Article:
A first foray into twinning – Doug Rees had worked on a twinned protein crystal as a student with Lipscomb, and had brought an interest in methods for dealing with twinned crystals when he arrived at UCLA. One of my first projects as a student with Doug was to figure out if there was a way to disentangle isomorphous replacement data in the presence of twinning, particularly if the twinning fraction was high enough to prevent ‘detwinning’ (i.e. recovering the true crystallographic intensities from the twinned observables). The underlying problem was that the typical equations upon which MIR is based — which relate the complex quantities FP, FPH, fh — were of no use if the values of the individual quantities were unknown. My first publication was a solution to this problem of phasing in the presence of (even perfect) twinning. The solution involved casting the ordinary phasing problem (e.g. phase circles) into four dimensions; phase circles became hyperspheres in 4-D. This was necessary to account for the mixing of the real and imaginary components of two different twin-related reflection. For example, an observed intensity gave the value for the sum of two separate crystallographic intensities, meaning that Iobs = A12 + B12 + A22 + B22 (where A1 is the real part of the structure factor for the first twin-related reflection, and so on); this is an equation for a hypersphere. Information from the heavy atom phasing model then gave additional hyperspheres, whose intersections eventually made it possible to extract out the correct real and imaginary parts of the two separate structure factors, despite the absence of direct measurement of the individual reflection intensities. An Acta A paper published in 1987 (Acta Cryst. A43, 30) provided the necessary theory and a synthetic test case. In the meantime, solving twinned crystal structures by molecular replacement turned out to be relatively routine — as a student, Matt Redinbo published the first molecular replacement structure from a perfectly twinned protein crystal (Acta Cryst. D49, 375 (1993)). In constrast, no highly twinned structures have been phased by MIR methods using the general solution described in the 1987 Acta paper. Experimental phasing (MIR or anomalous) has been successful in cases of lower twin fraction by correcting (‘detwinning’) the observed data, or in some cases of high twin fraction by essentially ignoring the twinning during the phasing stages and incorporating it only later in the refinement stage.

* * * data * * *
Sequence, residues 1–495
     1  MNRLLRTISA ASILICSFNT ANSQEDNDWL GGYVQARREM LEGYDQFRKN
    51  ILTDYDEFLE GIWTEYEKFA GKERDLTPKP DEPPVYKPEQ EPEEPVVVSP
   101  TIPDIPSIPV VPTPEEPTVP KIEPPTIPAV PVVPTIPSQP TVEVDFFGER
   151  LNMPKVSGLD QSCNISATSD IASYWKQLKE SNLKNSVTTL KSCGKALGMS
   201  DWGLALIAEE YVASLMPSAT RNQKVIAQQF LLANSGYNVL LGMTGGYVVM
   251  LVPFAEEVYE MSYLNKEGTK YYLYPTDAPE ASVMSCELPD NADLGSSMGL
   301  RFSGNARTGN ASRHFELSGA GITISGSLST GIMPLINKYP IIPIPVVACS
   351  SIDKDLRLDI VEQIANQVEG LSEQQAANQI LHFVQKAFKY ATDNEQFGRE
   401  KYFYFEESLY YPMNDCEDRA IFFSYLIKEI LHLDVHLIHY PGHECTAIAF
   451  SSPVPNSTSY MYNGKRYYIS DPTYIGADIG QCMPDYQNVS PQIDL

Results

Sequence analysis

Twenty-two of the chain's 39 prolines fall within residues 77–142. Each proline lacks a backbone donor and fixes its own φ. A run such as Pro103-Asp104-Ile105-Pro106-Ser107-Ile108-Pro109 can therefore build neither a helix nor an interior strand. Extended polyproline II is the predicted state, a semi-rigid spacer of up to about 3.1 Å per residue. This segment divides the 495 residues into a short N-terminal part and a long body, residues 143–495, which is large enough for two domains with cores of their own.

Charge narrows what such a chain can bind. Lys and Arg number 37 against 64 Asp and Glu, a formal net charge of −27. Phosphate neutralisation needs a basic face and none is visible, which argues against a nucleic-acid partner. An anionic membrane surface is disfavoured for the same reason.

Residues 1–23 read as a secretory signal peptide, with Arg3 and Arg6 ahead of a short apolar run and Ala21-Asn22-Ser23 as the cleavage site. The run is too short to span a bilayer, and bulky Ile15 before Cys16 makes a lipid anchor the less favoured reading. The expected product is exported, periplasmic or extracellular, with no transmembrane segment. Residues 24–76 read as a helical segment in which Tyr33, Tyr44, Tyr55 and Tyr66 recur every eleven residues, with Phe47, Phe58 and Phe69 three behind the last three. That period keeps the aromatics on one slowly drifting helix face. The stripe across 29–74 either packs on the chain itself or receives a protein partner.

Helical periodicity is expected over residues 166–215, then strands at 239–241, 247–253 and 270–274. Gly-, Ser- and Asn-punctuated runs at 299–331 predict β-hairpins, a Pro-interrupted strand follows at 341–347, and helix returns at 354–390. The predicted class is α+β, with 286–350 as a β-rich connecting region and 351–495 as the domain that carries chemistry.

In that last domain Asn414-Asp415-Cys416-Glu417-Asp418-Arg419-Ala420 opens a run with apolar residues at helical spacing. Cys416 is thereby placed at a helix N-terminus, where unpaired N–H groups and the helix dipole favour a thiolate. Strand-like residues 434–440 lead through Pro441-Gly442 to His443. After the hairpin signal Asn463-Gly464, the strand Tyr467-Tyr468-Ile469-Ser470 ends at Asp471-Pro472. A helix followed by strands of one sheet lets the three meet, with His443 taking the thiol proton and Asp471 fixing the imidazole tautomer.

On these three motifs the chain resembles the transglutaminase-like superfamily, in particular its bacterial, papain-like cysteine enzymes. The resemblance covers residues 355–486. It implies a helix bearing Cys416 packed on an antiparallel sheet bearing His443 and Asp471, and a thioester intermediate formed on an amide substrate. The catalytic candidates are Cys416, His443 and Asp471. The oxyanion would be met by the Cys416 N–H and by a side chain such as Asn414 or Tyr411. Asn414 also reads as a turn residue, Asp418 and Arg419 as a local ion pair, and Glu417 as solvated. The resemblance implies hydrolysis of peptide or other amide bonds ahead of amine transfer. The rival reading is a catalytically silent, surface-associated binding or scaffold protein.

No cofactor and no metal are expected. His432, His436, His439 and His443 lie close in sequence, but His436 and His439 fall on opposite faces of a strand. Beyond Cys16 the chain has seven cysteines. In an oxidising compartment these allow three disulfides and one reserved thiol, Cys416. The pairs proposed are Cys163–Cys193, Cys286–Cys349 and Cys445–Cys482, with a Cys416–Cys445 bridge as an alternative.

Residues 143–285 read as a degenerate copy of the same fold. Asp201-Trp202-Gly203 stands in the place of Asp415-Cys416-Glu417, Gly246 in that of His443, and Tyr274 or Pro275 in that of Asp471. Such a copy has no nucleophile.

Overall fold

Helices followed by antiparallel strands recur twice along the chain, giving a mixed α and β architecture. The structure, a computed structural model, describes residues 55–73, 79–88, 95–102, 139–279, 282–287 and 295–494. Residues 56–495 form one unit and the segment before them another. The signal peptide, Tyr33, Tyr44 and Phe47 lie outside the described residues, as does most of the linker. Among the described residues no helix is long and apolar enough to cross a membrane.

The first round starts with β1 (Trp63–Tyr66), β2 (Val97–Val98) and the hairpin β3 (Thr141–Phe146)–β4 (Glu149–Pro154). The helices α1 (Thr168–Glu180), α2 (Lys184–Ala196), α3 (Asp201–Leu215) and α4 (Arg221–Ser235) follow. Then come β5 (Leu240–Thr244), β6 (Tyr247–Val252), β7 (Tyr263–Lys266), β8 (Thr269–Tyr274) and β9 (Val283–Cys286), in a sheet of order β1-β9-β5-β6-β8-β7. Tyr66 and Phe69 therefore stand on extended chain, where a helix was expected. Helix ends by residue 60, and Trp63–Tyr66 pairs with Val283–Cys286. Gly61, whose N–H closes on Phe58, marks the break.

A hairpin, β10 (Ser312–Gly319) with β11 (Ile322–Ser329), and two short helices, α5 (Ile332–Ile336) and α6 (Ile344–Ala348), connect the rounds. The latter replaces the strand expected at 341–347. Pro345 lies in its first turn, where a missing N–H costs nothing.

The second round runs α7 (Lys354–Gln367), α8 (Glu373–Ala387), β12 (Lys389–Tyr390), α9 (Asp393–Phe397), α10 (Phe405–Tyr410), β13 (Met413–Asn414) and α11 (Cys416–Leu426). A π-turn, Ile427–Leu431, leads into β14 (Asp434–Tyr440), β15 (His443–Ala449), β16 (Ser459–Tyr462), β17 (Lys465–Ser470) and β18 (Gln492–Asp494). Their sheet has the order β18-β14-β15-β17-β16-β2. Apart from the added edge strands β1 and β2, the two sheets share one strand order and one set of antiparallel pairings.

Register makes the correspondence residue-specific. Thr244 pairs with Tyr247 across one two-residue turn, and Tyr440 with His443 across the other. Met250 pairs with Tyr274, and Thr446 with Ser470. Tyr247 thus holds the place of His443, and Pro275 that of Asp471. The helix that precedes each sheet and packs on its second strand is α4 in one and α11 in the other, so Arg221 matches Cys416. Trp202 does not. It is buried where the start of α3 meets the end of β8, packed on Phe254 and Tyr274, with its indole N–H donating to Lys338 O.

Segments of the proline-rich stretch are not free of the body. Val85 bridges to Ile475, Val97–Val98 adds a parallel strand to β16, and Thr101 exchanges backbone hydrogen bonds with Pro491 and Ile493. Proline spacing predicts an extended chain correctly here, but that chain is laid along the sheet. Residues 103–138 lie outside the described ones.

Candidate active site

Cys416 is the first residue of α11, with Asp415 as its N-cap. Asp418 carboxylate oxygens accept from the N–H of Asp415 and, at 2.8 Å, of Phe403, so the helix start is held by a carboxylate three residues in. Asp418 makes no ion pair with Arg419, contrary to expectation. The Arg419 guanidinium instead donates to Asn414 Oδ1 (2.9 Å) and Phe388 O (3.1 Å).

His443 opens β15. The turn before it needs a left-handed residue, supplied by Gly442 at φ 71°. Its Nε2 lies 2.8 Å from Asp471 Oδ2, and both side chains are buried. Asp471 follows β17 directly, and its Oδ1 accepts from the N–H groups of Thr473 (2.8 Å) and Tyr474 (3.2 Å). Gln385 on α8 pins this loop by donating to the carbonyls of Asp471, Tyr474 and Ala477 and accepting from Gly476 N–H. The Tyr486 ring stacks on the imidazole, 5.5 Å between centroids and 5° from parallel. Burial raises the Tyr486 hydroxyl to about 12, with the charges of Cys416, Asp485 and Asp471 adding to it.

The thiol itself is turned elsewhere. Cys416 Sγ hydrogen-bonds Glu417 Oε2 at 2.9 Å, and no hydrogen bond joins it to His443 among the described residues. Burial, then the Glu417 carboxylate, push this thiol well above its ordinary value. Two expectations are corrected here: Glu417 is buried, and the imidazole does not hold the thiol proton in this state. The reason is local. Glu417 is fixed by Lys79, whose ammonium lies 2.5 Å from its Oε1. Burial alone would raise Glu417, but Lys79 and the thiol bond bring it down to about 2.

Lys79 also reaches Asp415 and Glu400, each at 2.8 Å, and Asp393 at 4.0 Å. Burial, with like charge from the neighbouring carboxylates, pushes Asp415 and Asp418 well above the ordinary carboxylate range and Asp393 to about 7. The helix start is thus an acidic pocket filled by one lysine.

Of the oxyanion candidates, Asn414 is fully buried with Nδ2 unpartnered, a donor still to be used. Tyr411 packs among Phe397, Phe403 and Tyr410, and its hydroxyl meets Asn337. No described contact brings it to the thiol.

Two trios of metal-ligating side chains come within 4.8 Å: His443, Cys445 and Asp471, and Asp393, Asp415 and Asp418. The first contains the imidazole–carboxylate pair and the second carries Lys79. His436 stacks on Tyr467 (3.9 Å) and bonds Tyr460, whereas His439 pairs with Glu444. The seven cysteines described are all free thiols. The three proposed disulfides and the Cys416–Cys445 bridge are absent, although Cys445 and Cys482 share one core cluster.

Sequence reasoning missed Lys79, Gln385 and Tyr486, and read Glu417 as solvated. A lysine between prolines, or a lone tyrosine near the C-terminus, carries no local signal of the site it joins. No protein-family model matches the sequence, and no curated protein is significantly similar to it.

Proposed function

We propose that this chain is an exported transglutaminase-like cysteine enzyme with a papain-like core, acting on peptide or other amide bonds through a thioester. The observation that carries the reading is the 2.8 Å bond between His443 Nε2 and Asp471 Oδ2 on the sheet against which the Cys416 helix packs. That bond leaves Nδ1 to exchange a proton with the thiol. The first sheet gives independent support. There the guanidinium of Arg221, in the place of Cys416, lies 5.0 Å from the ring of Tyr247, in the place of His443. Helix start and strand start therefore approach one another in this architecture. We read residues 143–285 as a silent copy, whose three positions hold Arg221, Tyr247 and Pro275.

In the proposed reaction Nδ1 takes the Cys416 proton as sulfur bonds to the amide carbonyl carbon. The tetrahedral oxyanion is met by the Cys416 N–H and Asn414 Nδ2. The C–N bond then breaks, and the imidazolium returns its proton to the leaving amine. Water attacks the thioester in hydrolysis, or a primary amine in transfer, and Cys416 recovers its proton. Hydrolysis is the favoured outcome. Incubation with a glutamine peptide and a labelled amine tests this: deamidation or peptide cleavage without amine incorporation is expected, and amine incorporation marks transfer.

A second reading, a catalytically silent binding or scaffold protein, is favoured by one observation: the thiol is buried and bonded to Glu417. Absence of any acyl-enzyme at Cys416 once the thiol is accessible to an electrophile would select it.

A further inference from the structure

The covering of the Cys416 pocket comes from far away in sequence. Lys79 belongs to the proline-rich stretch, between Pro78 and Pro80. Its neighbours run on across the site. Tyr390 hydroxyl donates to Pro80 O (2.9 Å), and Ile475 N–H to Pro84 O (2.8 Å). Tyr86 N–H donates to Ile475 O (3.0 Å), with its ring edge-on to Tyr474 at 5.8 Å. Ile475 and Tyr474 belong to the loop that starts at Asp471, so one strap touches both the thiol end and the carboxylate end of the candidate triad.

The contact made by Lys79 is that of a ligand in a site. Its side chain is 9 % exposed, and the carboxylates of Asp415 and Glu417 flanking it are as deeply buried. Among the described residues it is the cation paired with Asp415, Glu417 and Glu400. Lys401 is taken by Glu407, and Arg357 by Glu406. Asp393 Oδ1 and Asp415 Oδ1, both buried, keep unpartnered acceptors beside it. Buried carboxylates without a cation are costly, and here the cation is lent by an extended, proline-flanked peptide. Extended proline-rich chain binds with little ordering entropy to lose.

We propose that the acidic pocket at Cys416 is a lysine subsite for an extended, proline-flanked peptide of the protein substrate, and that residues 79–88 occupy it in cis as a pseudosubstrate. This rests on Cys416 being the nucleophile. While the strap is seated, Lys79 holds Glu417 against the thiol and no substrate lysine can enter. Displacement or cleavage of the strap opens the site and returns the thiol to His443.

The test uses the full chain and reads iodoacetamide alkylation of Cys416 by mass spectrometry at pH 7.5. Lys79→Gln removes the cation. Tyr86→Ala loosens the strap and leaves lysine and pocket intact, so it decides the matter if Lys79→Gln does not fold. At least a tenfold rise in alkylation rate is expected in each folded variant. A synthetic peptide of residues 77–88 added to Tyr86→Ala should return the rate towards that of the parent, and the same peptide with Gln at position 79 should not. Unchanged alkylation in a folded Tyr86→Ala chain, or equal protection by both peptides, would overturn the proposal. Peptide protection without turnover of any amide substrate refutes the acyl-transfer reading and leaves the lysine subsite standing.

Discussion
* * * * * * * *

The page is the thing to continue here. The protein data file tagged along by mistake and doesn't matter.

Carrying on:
Twin fraction estimation – Numerous methods had been described for estimation the twin fraction, but a particularly simple one emerged from an analysis that involved taking a pair of reflection intensities and reducing them to an effectively normalized or unitless quantity by dividing their difference by their sum, giving a value between -1 and 1, or between 0 and 1 if the absolute value is taken. This parameter was called H. When the two observed reflections in question are related to each other by twinning (meaning both are derived from partial mixing of two separate twin-related reflection intensities), the statistical distribution for the parameter H is uniform, and has a simple dependence on the twin fraction, alpha. This led to a particularly simple way of examining diffraction data and estimating the twin fraction (Acta Cryst A44, 142 (1988)).
Local statistics for detecting twinning – As noted above, good methods were available for estimating the twin fraction in crystals suffering from partial twinning by evaluating the overall degree of similarity between pairs of twin-related reflections. In addition, numerous stastical analyses had been developed for detecting cases in which perfect twinning was involved. In perfect twinning, the twin-fraction is 1/2, causing erroneously high symmetry to appear in the diffraction pattern. This situation presents a different kind of challenge compared to partial twinning. In a case of perfect twinning, the problem is not to determine the twin fraction, but rather the problem is to recognize that the observed diffraction data suffer from high or perfect twinning by examining the overall intensity statistics, which deviate significantly from theoretical Wilson statistics. The complication is that sometimes other kinds of crystallographic issues interfere with the intensity statistics, and can defeat the traditional tests for twinning that simply look at the cumulative distribution of normalized intensities. One confounding problem is anisotropy, which tends to give more extreme distributions of intensities. To overcome this problem, a new equation was introduced that examines the differences between pairs of reflections near each other in reciprocal space; an equation similar to the one used for comparing twin-related intensities in the partial twinning test was adopted, but here the reflection pairs are nearby rather than twin-related. The statistics for this parameter (called L) relating local pairs of reflections were found to be simple for both the situation of normal (untwinned) data and perfectly twinned data. The use of the measure L therefore provides a test for perfect (or high) twinning that is robust to anisotropy (Padilla and Yeates, Acta D59, 1124-1130 (2003)). In addition, pseudo-centering in a crystal can lead to confounding effects similar to anisotropy, and the local test can overcome this situation as well if the reflections to be compared are chosen properly.